Sometime, I just don’t get the one-eyed views of our modern world, how we discern that one aspect of an issue is important, but other aspects aren’t! Our current anti-domestic violence campaigns are a classic example of blinkered views. The whole domestic violence issue, which for many decades has been a problem swept under the rug, has recently – thanks to a public outcry, and government incentives – had one corner lifted for a good spring clean.
Let’s get one thing straight right from the start – I am not trying to trivialise domestic violence! I detest any “man” who raises a hand to a woman, or a child! It is the ultimate abuse of trust, and power! It is pure cowardice! I grew up in a generation where this just did not happen – or so we thought, as it was either well hidden, or people just turned a blind eye!
What I don’t get is – why are we only focusing on one aspect of domestic violence…that of men-to-women! Why is female to male, female to female, and male to male domestic violence been overlooked? Surely that ANY form of domestic violence happens should be of concern to all of us! That one woman a week dies as a direct result of domestic violence is a frightening statistic. However, the fact that the “One In Three” site exists – dedicated to female to male domestic violence – speaks loudly that the problem is a lot bigger than that being focused on. The definition of domestic violence from their site is “Family violence and abuse is a serious and deeply entrenched problem in Australia. It has significant impacts upon the lives of men, women and children. It knows no boundaries of gender, geography, socio-economic status, age, ability, sexual preference, culture, race or religion. Domestic violence between partners, boyfriends and girlfriends (also known as intimate partner violence or IPV); violence between other family members (siblings, parents, children, aunts, uncles, and grandparents); most elder abuse, child abuse and sexual abuse are all different forms of family violence. Thankfully reducing family violence against women and children has been firmly on the agendas of government for many years. Now is the time to move to the next, more sophisticated stage of tackling the problem: recognising men as victims as well.” (http://www.oneinthree.com.au/).
According to their statistics, one in every three instances of domestic violence is a male. 94% of these instances is committed by a female. Between 2010 and 2012, 75 males were killed as a result of DV by a woman. This equates to one death every 10 days. Yet these acts of DV are neglected by government agencies such as Our Watch, and ANROWS.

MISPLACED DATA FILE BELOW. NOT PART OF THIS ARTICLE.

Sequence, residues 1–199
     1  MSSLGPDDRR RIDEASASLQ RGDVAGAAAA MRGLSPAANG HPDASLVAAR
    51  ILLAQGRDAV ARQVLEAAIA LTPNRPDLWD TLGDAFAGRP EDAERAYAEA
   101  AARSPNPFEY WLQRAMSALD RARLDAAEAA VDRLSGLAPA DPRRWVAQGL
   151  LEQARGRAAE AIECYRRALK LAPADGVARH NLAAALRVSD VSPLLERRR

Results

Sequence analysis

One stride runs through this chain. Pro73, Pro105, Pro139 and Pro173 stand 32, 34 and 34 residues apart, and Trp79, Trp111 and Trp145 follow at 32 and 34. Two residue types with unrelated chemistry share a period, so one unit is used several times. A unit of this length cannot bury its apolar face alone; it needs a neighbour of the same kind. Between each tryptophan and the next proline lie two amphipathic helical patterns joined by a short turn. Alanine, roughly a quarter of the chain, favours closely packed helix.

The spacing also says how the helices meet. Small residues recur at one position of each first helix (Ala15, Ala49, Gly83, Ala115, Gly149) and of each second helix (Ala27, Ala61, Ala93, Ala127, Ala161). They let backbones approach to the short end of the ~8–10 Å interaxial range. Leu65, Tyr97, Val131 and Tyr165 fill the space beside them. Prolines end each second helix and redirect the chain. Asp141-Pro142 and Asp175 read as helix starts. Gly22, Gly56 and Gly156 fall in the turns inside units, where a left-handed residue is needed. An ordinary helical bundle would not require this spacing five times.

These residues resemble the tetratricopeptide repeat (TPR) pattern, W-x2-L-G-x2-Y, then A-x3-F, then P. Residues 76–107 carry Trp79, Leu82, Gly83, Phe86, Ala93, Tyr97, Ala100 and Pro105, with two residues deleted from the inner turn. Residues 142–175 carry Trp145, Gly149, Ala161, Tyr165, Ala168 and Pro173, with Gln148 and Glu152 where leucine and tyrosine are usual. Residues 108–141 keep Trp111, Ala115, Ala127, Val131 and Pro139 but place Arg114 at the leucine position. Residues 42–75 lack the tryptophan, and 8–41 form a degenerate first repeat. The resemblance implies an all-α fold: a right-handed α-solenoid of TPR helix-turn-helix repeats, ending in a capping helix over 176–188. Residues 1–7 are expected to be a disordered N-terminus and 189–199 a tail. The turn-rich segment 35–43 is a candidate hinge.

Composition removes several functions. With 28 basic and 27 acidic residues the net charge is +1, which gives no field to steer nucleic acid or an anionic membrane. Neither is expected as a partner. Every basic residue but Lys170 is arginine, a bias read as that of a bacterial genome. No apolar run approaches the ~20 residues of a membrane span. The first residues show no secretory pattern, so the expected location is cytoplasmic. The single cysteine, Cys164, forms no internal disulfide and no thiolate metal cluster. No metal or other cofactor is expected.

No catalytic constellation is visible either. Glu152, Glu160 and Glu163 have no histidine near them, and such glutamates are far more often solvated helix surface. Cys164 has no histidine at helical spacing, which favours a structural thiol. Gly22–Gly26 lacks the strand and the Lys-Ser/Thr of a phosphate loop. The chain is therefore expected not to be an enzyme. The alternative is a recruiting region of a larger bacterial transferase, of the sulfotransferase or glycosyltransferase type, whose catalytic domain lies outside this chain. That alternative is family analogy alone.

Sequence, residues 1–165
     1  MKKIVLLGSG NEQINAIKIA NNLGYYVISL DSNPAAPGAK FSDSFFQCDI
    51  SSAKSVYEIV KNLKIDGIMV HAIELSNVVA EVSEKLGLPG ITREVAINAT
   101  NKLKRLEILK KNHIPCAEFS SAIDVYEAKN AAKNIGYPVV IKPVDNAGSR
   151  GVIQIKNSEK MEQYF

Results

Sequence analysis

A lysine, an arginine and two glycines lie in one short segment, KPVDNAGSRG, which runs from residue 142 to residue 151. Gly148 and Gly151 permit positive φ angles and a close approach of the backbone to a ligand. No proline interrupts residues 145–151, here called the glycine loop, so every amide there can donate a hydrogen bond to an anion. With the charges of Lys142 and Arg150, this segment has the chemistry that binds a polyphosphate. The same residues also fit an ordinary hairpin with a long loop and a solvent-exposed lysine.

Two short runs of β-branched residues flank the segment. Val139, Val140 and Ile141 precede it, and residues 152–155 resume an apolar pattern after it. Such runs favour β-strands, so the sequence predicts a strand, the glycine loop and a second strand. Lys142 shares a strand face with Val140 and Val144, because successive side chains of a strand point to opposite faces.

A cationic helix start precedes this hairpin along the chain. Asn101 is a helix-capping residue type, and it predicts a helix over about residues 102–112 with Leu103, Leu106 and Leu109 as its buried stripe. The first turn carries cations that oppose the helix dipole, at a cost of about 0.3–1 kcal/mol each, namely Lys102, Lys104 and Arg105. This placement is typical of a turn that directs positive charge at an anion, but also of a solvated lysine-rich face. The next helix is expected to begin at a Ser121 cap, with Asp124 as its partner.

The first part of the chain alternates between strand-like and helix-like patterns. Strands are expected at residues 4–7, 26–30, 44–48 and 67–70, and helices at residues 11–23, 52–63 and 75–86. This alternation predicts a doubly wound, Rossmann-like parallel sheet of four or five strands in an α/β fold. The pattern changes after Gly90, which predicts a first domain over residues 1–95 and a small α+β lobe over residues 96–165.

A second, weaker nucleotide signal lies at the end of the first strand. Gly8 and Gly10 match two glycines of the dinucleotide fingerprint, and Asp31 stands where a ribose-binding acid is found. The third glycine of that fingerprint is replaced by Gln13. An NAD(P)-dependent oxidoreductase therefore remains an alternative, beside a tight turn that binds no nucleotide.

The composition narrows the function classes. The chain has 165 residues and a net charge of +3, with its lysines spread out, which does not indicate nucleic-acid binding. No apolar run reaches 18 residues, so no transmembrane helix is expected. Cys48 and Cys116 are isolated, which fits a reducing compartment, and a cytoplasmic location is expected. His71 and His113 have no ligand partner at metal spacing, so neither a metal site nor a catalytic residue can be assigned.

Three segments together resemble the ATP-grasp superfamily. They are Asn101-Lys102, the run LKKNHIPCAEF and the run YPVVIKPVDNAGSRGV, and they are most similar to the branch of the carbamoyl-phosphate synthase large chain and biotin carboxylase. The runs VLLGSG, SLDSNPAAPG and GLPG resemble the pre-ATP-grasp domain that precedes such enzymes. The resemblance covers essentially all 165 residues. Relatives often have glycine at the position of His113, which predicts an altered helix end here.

According to the Sydney Morning Herald, 30 May 2015, same-sex violence in relationships is a “silent epidemic”. Roughly one in three lesbian, gay bisexual, transgender, and intersex (LGBTI) couples experience domestic violence. Those statistics are echoed among the general population. (http://www.smh.com.au/nsw/domestic-violence-a-silent-epidemic-in-gay-relationships-20150415-1mm4hg.html#ixzz3sTIxDpWL).
Imagine this personal scenario from the early 90s. I was picked up one night in a local gay bar my a guy – Graeme, who I fancied – and his partner Peter – who was okay – for a threesome. Everything went fine back at their home, with no indication of any undercurrants…until breakfast the next morning. Right in front of me, as if I wasn’t there, Peter openly abused and humiliated Peter almost continually. It was incredibly uncomfortable, and not just for me. After breakfast, Greame drove me back home, apologising for the incident almost as if it had been his fault. When I asked him in for a coffee, he declined, saying that the clock was on him, and he had to get home to avoid any further problems. I was staggered that I had actually witnessed these events. Fortunately for Peter, the relationship did end. Funnily enough, we ended up as fuck-buddies for the next five years. In that time, he never discussed that issue with me, nor did I ask.
The statistics all round are frightening. No one – adult, child, male or female – should ever have to suffer violence as a way of control, or power play, or anger outlet. It is time to shift the focus from male-to-female violence, and rackke the oroblem in its broader context.
Tim Alderman (C) 2015